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THREADS Newsletter #11

Dirty Thirty

Turning 30: The Funny Saga of Embracing Adulthood with One Foot in the Playground Ah, the big 3-0! It's the age when you're supposed to have your life together, figure out the meaning of existence, and finally stop binge-watching cheesy reality shows. It's a milestone that can make you reflect on your accomplishments, your dreams, and the fact that your metabolism has officially abandoned you. Since turning 30 has never been a significant milestone for a man, allow me to take a crack at what it might feel like for a woman. Allow me to take you on a humorous rollercoaster ride through the trials and tribulations of turning 30.

First and foremost, let's talk about the endless bombardment of "friendly" reminders from society. The moment you hit your late twenties, your mailbox transforms into a sinister messenger, flooding you with brochures for anti-wrinkle creams, discounted gym memberships, and newsletters for people who genuinely believe that life begins at 30. As if my impending departure from the roaring twenties isn't already riddled with existential dread, now I have to deal with the guilt-tripping postman and his smug reminders of my impending physical decay.

Then there's the well-meaning advice from friends and family. Suddenly, everyone becomes an expert on life at 30. They'll tell you things like, "You're not getting any younger, so you better start investing in a retirement fund!" or "It's about time you settle down and find a respectable partner!" As if turning 30 is a magical switch that automatically transforms you into a mature, responsible adult who understands the stock market and has the innate ability to find true love. Sorry, Aunt Mildred, but I can barely remember to water my plants, let alone figure out the secret formula to a fulfilling and successful life.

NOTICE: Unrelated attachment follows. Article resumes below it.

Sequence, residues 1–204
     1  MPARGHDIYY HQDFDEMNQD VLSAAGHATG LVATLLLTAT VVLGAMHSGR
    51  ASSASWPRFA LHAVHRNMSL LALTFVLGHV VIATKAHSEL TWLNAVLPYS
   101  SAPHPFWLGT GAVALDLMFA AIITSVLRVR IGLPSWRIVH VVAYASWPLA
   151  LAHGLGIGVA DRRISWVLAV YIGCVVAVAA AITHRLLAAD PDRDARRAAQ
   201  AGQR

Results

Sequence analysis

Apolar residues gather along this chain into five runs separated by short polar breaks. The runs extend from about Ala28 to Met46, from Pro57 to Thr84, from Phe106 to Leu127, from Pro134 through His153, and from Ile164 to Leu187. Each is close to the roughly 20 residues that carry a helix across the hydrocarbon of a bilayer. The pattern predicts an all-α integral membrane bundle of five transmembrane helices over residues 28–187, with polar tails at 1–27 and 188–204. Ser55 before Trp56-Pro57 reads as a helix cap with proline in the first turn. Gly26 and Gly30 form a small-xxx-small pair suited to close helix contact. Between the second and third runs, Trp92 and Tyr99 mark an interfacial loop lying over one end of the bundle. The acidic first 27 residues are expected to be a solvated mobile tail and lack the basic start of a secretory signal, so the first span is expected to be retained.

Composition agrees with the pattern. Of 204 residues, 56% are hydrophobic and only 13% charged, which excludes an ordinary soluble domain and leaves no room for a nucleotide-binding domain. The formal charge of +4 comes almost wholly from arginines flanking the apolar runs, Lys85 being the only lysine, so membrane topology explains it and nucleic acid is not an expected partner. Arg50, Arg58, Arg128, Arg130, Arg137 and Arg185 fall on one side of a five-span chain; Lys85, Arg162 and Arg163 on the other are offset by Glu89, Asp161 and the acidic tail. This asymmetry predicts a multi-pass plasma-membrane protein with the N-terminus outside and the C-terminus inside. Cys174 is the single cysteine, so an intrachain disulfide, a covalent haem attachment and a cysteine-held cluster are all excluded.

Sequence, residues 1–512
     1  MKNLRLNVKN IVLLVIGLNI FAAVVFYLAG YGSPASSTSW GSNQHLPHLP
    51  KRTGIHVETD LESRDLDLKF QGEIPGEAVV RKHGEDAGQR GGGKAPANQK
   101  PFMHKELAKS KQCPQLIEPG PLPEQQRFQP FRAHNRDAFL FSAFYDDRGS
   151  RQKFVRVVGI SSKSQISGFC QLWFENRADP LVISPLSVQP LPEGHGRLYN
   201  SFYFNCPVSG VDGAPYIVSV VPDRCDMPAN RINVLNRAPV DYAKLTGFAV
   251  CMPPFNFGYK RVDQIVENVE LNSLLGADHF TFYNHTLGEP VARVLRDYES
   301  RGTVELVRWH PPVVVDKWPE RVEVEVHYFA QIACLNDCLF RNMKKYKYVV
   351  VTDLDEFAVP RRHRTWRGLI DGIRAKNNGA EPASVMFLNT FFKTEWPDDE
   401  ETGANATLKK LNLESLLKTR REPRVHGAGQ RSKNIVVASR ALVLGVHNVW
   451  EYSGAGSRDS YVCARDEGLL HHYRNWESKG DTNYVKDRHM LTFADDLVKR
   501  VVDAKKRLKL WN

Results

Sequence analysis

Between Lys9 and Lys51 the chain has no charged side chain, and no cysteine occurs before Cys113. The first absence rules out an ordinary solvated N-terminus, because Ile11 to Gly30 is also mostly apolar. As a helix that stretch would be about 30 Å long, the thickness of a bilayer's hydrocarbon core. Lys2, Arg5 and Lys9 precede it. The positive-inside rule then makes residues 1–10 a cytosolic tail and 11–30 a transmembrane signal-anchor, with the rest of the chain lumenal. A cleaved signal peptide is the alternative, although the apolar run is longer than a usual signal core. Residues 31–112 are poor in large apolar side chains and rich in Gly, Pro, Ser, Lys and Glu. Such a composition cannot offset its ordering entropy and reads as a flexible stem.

Speaking of love, let's address the elephant in the room: the ticking biological clock. Once you enter your thirties, people start treating your uterus like a malfunctioning time bomb. "When are you going to settle down and have kids?" they inquire with a mix of concern and nosiness. Suddenly, your entire self-worth is reduced to your reproductive abilities. Well, newsflash, folks—I can barely keep a goldfish alive, so entrusting me with a tiny human is probably not the best idea. Besides, who needs kids when I can barely handle the responsibility of choosing what to eat for dinner?

And let's not forget the pressure to achieve all those "adulting" milestones by 30. You're supposed to have a stable career, a mortgage, and a collection of tasteful throw pillows that scream, "I'm an adult." But let's be honest, I still find amusement in making fart noises with my armpit. The only thing I can afford to mortgage right now is my ever-increasing student loan debt, and my idea of adulting is successfully cooking a microwaveable meal without setting off the smoke alarm. But fear not, my fellow 30-somethings, for there is hope amidst the chaos. Turning 30 can also be liberating. You start caring less about what other people think and embrace your true self—flaws, quirks, and all. You finally realize that having a collection of novelty socks and a secret stash of junk food is okay. You learn to appreciate the little things in life, like a nap on a Sunday afternoon or the sheer joy of discovering a new wrinkle cream that actually works. So, as I embark on this journey into my 30s, I do so with a mix of trepidation and excitement. I may not have it all figured out, but I'm determined to navigate the unpredictable waves of adulthood while still holding onto the spirit of my inner child.